I always wondered about the custom of taking off shoes when you go to someone’s place. For me, it appeared to be quite funny to attend parties, sometimes formal ones, and still to see people barefoot. Can you explain that?
One thing that really amazed me when we moved to Switzerland was that you could wear black suede boots in fall/winter and they wouldn’t get dusty or dirty each time you went out on the street. At that moment, Muscovites heard what was considered to be a rumor – that in Europe roads are being washed with shampoo. That piece of knowledge really entertained us, it was in line with rumors about people in some countries eating insects or paying for breathing pure oxygen.
So, the most obvious and probably true answer is that the roads in Russia are less clean; hence, people remove their shoes to keep their apartments clean. It is also practical during a long winter season, when it is really cold outdoors, so you wear warm boots, insulated with real fur and it is really warm indoors, so keeping your shoes on in-house is not going to be comfy.
But we can also speculate on some more reasons. Comfortable footwear is quite a recent thing for Russian consumers. I am not talking about trainers and other sport shoes, I am talking about comfy shoes in general. In Soviet times most shoes and boots produced by Soviet footwear industry were not comfortable, so people wanted to get rid of them as soon as they got home to give their feet some rest. And although now that is not an issue any more, it might be the power of habit. And for girls, it still is an issue since 9 cm heels worn daily are tiring.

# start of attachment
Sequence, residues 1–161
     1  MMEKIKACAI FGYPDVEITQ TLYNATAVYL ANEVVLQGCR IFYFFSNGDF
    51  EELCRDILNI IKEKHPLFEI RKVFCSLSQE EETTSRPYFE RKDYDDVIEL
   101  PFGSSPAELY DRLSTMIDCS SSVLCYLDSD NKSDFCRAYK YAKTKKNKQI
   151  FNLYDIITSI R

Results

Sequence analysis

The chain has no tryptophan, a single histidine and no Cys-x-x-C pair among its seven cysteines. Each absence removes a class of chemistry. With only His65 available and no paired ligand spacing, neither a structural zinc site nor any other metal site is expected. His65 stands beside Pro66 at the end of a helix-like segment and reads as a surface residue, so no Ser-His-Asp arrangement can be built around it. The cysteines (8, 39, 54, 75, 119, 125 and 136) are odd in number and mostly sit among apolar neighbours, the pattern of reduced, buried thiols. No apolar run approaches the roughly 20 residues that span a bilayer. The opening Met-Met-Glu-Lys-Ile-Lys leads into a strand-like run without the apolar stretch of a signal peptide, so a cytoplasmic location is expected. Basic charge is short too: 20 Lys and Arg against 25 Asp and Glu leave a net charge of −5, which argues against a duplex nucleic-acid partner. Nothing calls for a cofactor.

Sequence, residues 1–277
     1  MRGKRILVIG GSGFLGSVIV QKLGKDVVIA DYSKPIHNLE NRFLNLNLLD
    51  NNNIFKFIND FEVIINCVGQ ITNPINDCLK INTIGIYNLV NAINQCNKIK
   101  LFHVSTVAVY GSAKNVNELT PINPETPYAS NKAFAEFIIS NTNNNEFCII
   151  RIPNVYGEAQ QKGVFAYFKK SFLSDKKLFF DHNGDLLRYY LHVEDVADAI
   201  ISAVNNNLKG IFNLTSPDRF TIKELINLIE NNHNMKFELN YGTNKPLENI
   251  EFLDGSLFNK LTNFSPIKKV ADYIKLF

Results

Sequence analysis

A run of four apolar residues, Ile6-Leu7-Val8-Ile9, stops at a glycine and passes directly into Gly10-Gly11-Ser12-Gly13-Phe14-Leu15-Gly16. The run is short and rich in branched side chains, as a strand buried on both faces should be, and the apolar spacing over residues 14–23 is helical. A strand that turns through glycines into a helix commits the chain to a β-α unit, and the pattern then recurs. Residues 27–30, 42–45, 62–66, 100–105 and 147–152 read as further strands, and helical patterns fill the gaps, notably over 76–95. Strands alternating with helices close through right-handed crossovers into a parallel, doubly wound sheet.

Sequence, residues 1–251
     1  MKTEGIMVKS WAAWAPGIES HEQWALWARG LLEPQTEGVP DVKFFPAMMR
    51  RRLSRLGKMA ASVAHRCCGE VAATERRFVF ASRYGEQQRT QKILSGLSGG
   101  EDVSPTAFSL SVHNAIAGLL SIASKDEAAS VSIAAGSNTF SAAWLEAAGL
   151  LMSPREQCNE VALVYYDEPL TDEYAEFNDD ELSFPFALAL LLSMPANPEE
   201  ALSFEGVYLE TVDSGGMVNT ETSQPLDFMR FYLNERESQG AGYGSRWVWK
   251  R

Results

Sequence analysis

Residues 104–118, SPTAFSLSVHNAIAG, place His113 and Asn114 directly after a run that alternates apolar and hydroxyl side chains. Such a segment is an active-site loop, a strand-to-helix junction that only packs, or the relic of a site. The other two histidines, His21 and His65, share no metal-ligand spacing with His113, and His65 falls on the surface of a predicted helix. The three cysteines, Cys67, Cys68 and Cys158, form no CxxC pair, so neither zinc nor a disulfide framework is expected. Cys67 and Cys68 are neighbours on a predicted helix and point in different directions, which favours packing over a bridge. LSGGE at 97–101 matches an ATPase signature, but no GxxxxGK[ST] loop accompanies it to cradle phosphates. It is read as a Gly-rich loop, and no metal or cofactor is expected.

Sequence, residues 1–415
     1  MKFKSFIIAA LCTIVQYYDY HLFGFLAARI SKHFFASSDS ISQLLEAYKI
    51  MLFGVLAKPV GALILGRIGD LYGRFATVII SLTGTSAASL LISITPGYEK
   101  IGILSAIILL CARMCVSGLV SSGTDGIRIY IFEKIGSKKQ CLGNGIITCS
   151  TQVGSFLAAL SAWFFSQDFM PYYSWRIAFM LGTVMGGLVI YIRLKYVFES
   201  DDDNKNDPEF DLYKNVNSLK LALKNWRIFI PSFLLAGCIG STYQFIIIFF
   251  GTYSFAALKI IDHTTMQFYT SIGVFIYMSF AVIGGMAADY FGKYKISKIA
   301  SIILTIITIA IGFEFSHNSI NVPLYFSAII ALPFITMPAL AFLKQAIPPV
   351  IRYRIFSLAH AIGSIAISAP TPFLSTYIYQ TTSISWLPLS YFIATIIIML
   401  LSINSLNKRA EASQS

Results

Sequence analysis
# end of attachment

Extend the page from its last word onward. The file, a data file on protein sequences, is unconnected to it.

Finally, here is what amused me most about your question. Any Russian person would immediately recognize that this question is coming from a foreigner. I bet that not all guests at those formal parties were barefoot, some of them had “smenka” (change shoes) with them and felt in place with the situation. Smenka is something that Russians are used to from early age – kids in school always brought change shoes in a separate bag with them to school, adults used to bring shoes to theater, dances and when visiting friends. At present most hospitals, fitness centers and other organizations provide plastic socks (free of charge) to be put on top of your shoes. And all airports also provide plastic socks that you put on top of your socks, so that you do not have to walk through security line barefoot.
Finally, there is a need to mention domashnie tapochki (in-house shoes, provided by hosts). This wide-spread phenomena has always been in homes of Russians and has been considered one of hospitality gestures of a good host. Typically these are slippers, very often really worn out. A guest who did not consider bringing smenka might feel awkward when faced with a request to wear somebody else’s slippers. The best recipe is – bring smenka to any place you visit in Russia! That is a part of being a good guest!
P.S. If you are a girl, never ever bring stilettos to house parties as your smenka. They might look awesome, but hosts of the party will hate you for wearing them since stilettos leave dents in wooden floors. Nobody will tell you not to wear stilettos, out of hospitality, but you may never be invited to this house again.
© 2016 Tatiana Golubeva. All rights reserved.